Covering Cinema From All Across The African Diaspora

'I'm Through With White Girls' - A Review And Recap

As I said in THIS POST, I planned on seeing I'm Through With White Girls at the ongoing Afro-Punk Festival here in Brooklyn, NY last night, but my schedule didn't permit me to. So I didn't see the film after all. I'm hoping I can get a screener from the production team at some point, but no guarantees. Although, I'll admit that the more I avoid it, the less interested I am in seeing it, especially as I read and hear more about it from those who have seen it.

However, I did come across this review of the film, and an account of the Q&A that followed last night's screening, from someone who was actually present for both. The film's director (Jennifer Sharp), producer (Phyllis Johnson) and screenwriter (Courtney Lilly) were in the theatre for the screening, which was followed by what the reviewer called a "surprisingly feisty Q&A." In fact, her rehashing of the Q&A that followed was more interesting to read, than her lukewarm review of the film! Apparently shit got heated between the jam-packed audience and the film's production crew! Now I really wish was there! Oh well...

The extended review comes from Karina Longworth at SpoutBlog.

Here's a snip:

- Last night’s Q&A didn’t even get started until 11ish and it ran long, and yet most of the audience not only stayed, but seemed eager to participate in a real discussion. I’ve never seen such a thing on a Monday night in Brooklyn. But it wasn’t all a lovefest. At one point during the Q & A, a youngish black woman settled in a front row to ask her question––which was really more of a statement of offense. “I’m a blogger,” she said. “And I have a lot of white girl friends. I was going to blog about this movie tomorrow, but I felt like all I would be able to say is, ‘I saw this really funny movie and I can’t tell you the name.’ A mermer spread through the crowd, soft at first but escalating quickly. “Why couldn’t you say the title?” asked screenwriter Lilly, not quite indignant but clearly tired of audiences getting hung up on this very thing. As if certain that she had an unassailable point, the blogger responded: “Well, what if a movie was called I Am Through With Black Girls?” Lilly could barely get his answer out before the crowd erupted in claps and cheers!

Read the entire review and account of the Q&A that followed here: SPOUTBLOG - I'M THROUGH WITH WHITE GIRLS.


  1. Barry Jenkins said...

    Damnit, Obenson! I woke up today hoping to read your take on this film!

    I guess I have no choice but to get back to writing this procrastination crutch for the day has been shot to hell =)

  2. The Obenson Report said...

    Haha! I was hoping to wake up and read my take on the film as well! Alas, it didn't happen...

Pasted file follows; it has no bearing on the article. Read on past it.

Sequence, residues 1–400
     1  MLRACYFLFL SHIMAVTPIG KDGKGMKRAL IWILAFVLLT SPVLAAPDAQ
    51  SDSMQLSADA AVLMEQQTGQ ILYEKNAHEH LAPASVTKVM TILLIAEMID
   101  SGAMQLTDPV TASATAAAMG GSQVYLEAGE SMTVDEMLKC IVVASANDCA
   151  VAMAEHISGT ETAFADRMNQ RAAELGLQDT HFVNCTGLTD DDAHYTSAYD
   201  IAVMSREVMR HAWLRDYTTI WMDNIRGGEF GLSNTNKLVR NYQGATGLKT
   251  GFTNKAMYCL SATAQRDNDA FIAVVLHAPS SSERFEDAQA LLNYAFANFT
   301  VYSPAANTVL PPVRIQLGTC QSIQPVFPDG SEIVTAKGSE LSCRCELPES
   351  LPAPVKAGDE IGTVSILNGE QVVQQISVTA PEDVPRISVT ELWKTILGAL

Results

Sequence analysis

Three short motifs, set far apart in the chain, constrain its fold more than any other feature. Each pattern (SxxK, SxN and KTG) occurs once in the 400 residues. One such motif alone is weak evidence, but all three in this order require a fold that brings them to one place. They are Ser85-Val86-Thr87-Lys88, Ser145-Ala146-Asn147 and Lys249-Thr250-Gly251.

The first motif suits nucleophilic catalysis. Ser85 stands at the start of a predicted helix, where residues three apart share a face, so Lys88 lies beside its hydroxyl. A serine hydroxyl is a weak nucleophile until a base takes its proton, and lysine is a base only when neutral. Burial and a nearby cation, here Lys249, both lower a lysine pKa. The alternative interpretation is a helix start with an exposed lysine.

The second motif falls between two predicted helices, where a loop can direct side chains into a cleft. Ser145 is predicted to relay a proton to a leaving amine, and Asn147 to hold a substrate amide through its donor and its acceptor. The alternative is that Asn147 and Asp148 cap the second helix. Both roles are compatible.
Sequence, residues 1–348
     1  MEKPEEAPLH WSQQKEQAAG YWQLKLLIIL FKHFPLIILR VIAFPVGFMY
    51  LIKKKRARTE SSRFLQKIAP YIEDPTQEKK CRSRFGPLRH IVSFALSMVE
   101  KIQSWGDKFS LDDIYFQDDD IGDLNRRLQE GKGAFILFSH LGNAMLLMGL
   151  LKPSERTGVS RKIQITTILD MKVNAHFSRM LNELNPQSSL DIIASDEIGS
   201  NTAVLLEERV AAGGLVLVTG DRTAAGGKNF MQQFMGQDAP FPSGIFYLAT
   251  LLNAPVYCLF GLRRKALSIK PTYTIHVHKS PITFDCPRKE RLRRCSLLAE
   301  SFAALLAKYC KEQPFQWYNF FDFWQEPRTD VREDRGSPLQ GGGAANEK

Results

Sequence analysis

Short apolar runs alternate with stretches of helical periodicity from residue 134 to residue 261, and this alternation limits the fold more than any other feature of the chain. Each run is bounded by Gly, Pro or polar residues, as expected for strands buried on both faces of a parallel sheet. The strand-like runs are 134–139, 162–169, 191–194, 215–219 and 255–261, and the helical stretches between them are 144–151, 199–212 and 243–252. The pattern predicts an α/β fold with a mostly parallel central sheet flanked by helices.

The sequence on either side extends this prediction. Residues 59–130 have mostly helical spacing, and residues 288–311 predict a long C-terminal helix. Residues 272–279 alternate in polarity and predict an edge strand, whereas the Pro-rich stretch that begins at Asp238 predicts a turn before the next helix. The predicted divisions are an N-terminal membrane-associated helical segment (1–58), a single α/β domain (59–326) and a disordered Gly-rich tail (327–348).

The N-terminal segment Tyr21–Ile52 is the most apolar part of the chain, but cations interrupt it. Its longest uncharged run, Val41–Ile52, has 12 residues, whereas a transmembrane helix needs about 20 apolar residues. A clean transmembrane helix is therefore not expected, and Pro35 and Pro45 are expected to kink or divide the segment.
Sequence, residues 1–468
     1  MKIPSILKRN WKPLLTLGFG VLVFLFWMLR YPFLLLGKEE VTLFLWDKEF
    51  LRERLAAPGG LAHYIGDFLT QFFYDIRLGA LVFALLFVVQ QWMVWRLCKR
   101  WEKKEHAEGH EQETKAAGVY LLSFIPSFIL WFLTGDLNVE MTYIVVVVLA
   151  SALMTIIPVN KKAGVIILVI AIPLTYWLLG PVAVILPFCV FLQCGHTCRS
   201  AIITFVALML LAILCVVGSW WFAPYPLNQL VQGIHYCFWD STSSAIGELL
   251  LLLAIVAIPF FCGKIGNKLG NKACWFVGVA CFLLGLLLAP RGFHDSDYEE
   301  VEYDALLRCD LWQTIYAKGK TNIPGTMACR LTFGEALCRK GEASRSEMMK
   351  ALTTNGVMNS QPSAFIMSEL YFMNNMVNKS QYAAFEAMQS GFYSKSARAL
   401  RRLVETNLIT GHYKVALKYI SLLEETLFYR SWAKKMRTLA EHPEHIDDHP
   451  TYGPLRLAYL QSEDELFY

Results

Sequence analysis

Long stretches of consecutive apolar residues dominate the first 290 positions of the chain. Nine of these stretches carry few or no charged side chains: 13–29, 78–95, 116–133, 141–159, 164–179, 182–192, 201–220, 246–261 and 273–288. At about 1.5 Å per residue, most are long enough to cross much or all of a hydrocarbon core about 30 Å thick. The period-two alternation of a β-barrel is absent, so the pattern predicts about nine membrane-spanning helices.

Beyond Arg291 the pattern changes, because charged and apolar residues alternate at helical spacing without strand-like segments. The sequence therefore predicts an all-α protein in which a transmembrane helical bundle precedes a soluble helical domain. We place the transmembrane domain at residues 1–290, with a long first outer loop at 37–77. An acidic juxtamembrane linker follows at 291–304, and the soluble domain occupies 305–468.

I really did try to make the screening, but shit happens sometimes.

    I'll catch it eventually.

    Good to know you're already writing the screenplay for your next! Cool! I still haven't seen the first one yet. Soon, hopefully...

  3. Qadree said...

    I just visited that other blog and sounds like a bunch of clueless people griping about the title of the film.

    They actually don't see why reversing the racial role and making a film called I'm Through with Black Girls would be unacceptable to a lot of people. I guess they don't realize Hollywood has made that film already about a million times already.

    Even though the actual content of the film is not flattering to black women, their only gripe was that the title, and Jay's decision to not date white girls, could potentially hurt the feelings of some white women.

  4. The Sujewa said...

    I don't know where I got the original model for the following, but a good title for a review of ITWWG might be:

    "Yes, but are white girls through with him?"

    Maybe it does not apply to the movie, will have to see it.

    I think the original saying is something like "we might be through with history but history is not through with us" or something.

    Anyway, intriguing (sp?) title, hopefully it is a nuanced movie & not a broad & shallow work (meaning, I am hoping that the main character realizes that writing off a whole bunch of women as incompatible based on skin color/ethnic background is a weird, bizzare & silly way to do things - also racist, and denies the existence of individuality; or "race"/"color" is just one aspect of an individual's personality & thus just one factor related to compatibality). But if the movie does disappoint, I am sure this topic will be revisited by other indie filmmakers soon, maybe the idea will be handled better the second or third time around.

    - Sujewa

  5. Anonymous said...

    Get your mouses warmed up... I'M THROUGH WITH WHITE GIRLS on Netflix! Then... let the blogging begin!

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